Vintage African indigo comes in an endless variety of indigo blue from the super faded to nearly black. Not only do the shades of indigo vary, the patterns created from tie dye and other resist-dye techniques are endless too. As one might imagine, the skill of the artisan comes into play, but so does the region and era from which the African indigo textile originates. For the purpose of this post, I will touch briefly on the aesthetic differences so my readers might know when they come across a very unusual example of African indigo rather than a more common cloth. I hope to share some knowledge as to why some African indigo textiles cost more than others.
Photo credit: Morrissey Fabric
The first two photos seen here show examples of vintage African indigo textiles that I uncovered while shopping with an African Textile dealer known to carry uncommon pieces for the collector. Sometimes the African indigo fabrics are in relatively good condition. Even so, I always have to launder and spot clean them no matter what the price tag. It's also common that the vintage African indigo cloth requires several hours of repair work to reconnect the strips of cloth. I use 100% cotton indigo dyed thread when making any repairs to these beautiful textiles.
Photo Credit: Morrissey Fabric
The African indigo seen in this photo is very faded. This is highly desirable not only for the relaxed and calm appearance it exudes, but because it shows age. These very light African indigo textiles are out there, but more often than not, they are in rough shape. Typical they have multiple torn areas, the fringe is missing or completely frayed, and they have palm oil, grease, and dirt stains. Many people like the aged distressed look, but most don't want the vintage cloth to be soiled to the point where it has a bad odor. This is where time and expertise come into play. I've seen many salvageable African indigo pieces ruined by someone who tried to use too much bleach to clean or fade the antique textiles. Don't use bleach! Oxiclean or 24 hours of soaking in a gentle textile soap like wool light is best.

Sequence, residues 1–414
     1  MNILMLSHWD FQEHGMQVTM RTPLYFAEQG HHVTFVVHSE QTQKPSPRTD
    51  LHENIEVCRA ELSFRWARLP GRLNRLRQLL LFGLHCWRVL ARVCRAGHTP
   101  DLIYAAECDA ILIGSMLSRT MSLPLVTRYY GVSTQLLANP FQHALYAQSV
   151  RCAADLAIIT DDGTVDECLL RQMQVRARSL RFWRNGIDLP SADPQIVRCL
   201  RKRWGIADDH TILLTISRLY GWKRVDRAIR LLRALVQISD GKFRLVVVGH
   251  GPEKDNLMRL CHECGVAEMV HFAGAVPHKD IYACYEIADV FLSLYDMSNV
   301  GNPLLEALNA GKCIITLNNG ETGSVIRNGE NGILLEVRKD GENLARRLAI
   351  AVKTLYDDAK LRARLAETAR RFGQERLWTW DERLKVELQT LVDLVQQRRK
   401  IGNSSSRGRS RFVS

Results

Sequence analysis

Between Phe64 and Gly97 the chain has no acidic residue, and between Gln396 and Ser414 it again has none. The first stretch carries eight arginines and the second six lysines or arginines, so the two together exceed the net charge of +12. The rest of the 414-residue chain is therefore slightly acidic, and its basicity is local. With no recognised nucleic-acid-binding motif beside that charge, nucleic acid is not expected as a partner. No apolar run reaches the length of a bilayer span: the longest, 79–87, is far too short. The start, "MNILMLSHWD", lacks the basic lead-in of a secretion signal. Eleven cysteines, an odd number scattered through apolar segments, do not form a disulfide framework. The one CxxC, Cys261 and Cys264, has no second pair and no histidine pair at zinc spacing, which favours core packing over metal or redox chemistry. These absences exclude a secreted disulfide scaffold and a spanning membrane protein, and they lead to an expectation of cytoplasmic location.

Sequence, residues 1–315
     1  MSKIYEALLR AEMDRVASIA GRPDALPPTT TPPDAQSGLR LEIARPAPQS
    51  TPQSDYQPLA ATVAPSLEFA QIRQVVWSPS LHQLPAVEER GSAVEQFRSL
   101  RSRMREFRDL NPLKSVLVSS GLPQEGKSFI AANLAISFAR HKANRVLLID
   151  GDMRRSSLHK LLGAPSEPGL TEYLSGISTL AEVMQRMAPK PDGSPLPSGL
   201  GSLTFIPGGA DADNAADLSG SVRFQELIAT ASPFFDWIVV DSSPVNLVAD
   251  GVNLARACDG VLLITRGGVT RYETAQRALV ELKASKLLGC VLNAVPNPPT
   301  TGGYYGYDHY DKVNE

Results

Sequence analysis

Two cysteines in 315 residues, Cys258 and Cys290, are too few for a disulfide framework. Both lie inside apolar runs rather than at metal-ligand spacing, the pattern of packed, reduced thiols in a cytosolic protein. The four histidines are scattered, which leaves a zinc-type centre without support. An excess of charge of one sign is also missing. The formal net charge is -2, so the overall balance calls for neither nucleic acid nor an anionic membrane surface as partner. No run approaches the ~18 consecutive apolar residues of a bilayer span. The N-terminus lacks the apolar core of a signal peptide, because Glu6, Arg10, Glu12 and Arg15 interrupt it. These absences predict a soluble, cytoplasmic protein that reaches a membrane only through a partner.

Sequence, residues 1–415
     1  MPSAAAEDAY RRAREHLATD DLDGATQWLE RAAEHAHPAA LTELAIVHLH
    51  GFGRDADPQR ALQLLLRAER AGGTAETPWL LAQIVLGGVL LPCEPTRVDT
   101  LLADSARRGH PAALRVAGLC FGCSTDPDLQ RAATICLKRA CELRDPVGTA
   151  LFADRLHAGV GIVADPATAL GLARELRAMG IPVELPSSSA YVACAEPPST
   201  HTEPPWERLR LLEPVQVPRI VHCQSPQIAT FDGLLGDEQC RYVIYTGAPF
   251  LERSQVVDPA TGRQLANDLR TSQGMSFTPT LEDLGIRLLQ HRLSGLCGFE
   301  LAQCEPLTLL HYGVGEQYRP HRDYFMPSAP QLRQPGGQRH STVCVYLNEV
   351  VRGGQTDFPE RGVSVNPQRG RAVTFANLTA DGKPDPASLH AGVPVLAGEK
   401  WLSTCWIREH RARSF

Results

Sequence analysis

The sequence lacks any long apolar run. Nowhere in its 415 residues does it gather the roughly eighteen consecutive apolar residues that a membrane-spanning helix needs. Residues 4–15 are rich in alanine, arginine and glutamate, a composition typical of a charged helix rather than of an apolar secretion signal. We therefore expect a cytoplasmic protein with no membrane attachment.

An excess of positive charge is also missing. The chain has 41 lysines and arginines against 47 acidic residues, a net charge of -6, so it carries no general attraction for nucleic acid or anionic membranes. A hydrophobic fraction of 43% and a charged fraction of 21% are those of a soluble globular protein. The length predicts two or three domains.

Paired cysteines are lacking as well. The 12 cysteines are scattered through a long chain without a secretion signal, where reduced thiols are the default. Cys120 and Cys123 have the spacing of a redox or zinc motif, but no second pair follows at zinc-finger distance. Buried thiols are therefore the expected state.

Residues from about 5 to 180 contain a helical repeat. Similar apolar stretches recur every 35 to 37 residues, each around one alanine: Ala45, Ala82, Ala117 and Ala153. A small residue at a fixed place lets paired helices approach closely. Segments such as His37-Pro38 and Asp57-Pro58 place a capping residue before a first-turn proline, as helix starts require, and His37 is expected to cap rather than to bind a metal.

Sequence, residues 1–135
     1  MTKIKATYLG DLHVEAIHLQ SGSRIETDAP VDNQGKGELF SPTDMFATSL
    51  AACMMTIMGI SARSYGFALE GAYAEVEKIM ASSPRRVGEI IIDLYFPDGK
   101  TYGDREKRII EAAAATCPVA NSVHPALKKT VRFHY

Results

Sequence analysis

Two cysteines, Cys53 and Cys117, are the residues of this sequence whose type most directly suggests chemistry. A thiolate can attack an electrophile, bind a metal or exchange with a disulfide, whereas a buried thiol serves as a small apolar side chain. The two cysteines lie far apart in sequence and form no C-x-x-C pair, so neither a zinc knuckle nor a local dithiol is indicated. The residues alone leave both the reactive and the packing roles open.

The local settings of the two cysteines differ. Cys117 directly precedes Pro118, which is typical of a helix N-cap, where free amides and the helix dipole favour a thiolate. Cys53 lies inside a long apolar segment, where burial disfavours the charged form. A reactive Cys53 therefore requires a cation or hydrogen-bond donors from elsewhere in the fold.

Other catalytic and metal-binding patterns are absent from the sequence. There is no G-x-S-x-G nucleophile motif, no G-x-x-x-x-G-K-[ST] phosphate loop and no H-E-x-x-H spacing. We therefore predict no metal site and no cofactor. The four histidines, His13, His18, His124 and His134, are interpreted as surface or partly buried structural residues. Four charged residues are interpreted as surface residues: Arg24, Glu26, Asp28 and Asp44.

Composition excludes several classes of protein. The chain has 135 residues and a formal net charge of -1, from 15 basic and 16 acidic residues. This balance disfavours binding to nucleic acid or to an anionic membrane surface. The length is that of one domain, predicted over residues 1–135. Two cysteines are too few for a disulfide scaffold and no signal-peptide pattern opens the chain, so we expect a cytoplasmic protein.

These very light vintage African indigo fabrics are rare enough that they will become more valuable with time and are therefor quite collectible. If you find one or purchase one from my shop, I would encourage you to keep it in tact for future generations to enjoy.
These graphic indigo pieces are a bit easier to find than some the other patterns out there, but they can be equally stylish. I've seen dozens if not hundreds of variations on the tie-dye technique. Interestingly, you can often tell when the artist was more skilled or perhaps just learning their technique. Sometimes the patterns flow with grace, but other times they can look clunky and not all that visually appealing. If you decide you want to add this style of African indigo to your collection, wait for one that speaks to you.
Photo credit Above and Below: MorrisseyFabric
When it comes to vintage African indigo, some of my personal favorites have involved fringe. I have restored so many pieces of African fabric that I've lost count. However I do remember many of the battles I have had to save the ultra long fringe on a vintage indigo or two, and how pleased I was to do so. After trial and error, I learned there is no shortcut. I have to tie small sections of the fringe together so it won't tangle when washed. With lengths reaching up to 18 inches long, even hand washing can cause a knotted mess. So proceed with caution if you decide to launder a fringed African indigo on your own. Of course, you can always send it to the dry cleaner.
Now that I've touched on some of the more unique pieces of vintage African indigo, check back next time when I'll post some photos of the more common but still lovely African indigo textiles.